Voters asked to OK bonds

$5.9 million would go toward upgrading Glacier Valley School

Posted: Thursday, September 15, 2005

Juneau voters will once again be asked to approve the issuance of general obligation bond debt for education - this time to renovate Glacier Valley Elementary School.

The Oct. 4 general municipal election will give Juneau voters the choice of approving $5,995,000 in bond debt for upgrading Glacier Valley. If voters approve Proposition No. 4, Juneau could pay for 30 percent of the debt because the project qualifies for 70 percent reimbursement under the state's School Construction Bond Debt Reimbursement.

"It's a good investment. Glacier Valley Elementary School has served us for 40 years and with this renovation it would serve us another 30 years," said Juneau School District Superintendent Peggy Cowan.

Cowan said the Glacier Valley renovation is the No. 1 priority on the district's six-year capital improvement plan.

"The school's 40 years old and it hasn't had replacement of any of its major systems," she said. "And the systems are worn and need to be replaced."

The replacement of fan systems, air ducts, ventilation, windows and doors would improve safety and security, Cowan said.

"Some of the codes have changed over the last 40 years and in order to meet the current codes they need changing," she said.

Glacier Valley Principal Ted Wilson said the renovations would help engage the students of the 21st Century.

"We were created for the world of '63 that didn't include the things that we have now, especially all the computers," he said. "And things are worn out. The ventilation system is worn and inefficient and actually costs lots of money to keep running."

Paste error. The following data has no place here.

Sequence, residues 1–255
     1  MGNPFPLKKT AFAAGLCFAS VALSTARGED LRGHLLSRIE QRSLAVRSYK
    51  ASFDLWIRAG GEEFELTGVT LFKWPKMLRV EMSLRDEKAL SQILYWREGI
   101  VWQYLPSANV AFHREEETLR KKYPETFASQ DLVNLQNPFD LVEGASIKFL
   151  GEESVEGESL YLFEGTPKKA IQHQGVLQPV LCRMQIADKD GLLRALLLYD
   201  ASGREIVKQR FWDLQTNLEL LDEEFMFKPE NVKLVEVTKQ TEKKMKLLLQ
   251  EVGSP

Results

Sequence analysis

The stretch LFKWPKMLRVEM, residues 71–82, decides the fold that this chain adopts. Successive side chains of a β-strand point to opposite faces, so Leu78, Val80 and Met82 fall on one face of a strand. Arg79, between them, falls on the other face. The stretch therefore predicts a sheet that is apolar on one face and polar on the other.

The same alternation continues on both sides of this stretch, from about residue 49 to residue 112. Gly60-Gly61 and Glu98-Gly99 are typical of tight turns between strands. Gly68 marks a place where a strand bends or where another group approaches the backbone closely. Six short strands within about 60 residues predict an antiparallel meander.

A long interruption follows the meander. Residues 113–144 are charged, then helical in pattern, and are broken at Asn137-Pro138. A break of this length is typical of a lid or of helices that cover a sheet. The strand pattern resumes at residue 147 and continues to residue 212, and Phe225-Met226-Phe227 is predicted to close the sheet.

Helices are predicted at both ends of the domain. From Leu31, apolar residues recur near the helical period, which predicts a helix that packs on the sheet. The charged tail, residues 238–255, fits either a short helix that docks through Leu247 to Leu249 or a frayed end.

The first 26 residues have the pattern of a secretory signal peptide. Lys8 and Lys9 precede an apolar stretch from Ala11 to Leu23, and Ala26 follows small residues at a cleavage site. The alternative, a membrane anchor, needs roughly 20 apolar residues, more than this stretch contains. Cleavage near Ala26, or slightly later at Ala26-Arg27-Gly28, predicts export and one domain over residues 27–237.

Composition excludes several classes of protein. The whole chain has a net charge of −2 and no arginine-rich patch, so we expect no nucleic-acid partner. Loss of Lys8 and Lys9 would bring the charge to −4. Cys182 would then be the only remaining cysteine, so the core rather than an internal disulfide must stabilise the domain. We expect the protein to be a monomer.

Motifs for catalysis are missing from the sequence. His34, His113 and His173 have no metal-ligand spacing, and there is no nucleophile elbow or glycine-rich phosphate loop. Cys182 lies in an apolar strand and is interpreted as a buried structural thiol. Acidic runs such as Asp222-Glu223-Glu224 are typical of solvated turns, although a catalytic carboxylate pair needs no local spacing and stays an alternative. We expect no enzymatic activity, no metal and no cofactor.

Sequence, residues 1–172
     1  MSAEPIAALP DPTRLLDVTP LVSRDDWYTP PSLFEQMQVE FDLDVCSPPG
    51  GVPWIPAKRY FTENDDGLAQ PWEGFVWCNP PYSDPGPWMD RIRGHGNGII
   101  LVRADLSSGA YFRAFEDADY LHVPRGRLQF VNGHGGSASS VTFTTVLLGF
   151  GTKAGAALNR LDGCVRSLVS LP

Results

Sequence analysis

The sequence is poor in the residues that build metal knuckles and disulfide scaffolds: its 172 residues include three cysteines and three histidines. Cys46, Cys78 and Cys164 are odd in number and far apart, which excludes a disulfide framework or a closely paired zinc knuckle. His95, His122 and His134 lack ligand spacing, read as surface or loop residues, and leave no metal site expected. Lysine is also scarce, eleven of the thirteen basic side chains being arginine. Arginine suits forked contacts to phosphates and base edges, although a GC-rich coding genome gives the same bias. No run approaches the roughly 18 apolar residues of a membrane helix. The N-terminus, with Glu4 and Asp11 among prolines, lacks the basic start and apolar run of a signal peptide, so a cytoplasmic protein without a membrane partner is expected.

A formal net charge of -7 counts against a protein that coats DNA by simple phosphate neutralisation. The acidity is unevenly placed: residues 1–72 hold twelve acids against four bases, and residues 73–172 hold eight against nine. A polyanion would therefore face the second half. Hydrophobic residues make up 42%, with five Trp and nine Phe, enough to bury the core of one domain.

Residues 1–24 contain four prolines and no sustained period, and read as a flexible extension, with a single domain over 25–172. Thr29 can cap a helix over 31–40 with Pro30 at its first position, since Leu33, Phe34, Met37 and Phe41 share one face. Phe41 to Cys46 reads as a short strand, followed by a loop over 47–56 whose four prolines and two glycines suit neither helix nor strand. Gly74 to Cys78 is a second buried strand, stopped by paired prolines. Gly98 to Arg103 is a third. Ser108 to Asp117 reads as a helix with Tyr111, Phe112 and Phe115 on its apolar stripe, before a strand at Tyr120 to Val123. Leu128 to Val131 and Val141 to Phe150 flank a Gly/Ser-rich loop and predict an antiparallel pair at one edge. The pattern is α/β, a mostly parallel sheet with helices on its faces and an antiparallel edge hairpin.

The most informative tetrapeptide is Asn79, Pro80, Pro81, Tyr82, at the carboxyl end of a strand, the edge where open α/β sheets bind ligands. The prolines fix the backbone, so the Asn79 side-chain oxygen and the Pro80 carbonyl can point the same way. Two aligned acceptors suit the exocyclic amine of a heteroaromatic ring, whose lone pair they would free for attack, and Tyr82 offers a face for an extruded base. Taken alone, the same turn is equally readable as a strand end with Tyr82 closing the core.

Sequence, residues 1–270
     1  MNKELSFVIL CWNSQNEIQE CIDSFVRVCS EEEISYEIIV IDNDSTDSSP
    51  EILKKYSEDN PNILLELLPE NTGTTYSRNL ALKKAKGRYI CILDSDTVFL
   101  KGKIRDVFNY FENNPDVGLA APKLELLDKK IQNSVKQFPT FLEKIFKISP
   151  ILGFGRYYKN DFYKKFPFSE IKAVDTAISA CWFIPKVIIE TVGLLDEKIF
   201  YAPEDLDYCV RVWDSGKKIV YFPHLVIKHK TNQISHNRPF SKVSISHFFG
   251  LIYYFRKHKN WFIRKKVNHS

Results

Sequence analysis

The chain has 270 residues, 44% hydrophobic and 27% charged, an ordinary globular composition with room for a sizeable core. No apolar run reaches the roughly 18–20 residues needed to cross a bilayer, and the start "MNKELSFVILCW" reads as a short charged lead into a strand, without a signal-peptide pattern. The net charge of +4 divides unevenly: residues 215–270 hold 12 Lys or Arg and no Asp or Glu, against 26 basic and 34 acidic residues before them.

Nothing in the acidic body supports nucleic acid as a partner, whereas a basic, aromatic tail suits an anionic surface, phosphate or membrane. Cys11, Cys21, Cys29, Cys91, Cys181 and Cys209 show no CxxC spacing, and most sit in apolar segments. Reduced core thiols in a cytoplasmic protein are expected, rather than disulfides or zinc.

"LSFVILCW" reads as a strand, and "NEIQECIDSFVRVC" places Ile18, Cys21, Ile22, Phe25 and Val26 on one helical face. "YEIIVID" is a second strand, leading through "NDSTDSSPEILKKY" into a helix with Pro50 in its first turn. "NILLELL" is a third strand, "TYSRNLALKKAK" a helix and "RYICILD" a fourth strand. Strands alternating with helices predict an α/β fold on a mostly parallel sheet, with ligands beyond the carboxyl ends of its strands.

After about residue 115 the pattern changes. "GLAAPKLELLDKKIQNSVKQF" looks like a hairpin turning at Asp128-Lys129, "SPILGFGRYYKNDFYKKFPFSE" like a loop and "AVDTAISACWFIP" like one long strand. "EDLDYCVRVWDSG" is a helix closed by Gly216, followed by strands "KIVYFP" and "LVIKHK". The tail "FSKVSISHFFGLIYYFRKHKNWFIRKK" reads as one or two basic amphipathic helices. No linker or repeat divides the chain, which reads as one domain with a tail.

The renovation would create a more comfortable learning environment for students, Wilson said.

"Being more comfortable allows your focus to be on your work or your lesson rather than your environment around you," he said.

Wilson, who was a teacher at Glacier Valley for six years prior to becoming principal there, said the renovations would also help the teachers' ability to teach.

"Some of the cosmetic upgrades just make it a more appealing learning environment, and to everyone who spends time in the facility it's more relaxing when your in a place that feels comfortable, that feels fresh," he said. "When your in a place that feels older ... that can affect your attitude when you're either working or learning."

Cowan said she hopes the voters will approve the proposition since it qualifies for partial reimbursement and because the school is in dire need of certain upgrades.

"We're really grateful that we have the opportunity for the state to pay 70 percent of the costs," she said.

Cowan said the renovation would certainly be less expensive than building a new elementary school.

"The Legislature made (funds) available and gave us the opportunity to have these funds for school renovations but it's up to the voters to approve us getting those funds and getting reimbursed at the 70 percent rate by voting for this project," she said.

• Eric Morrison can be reached at

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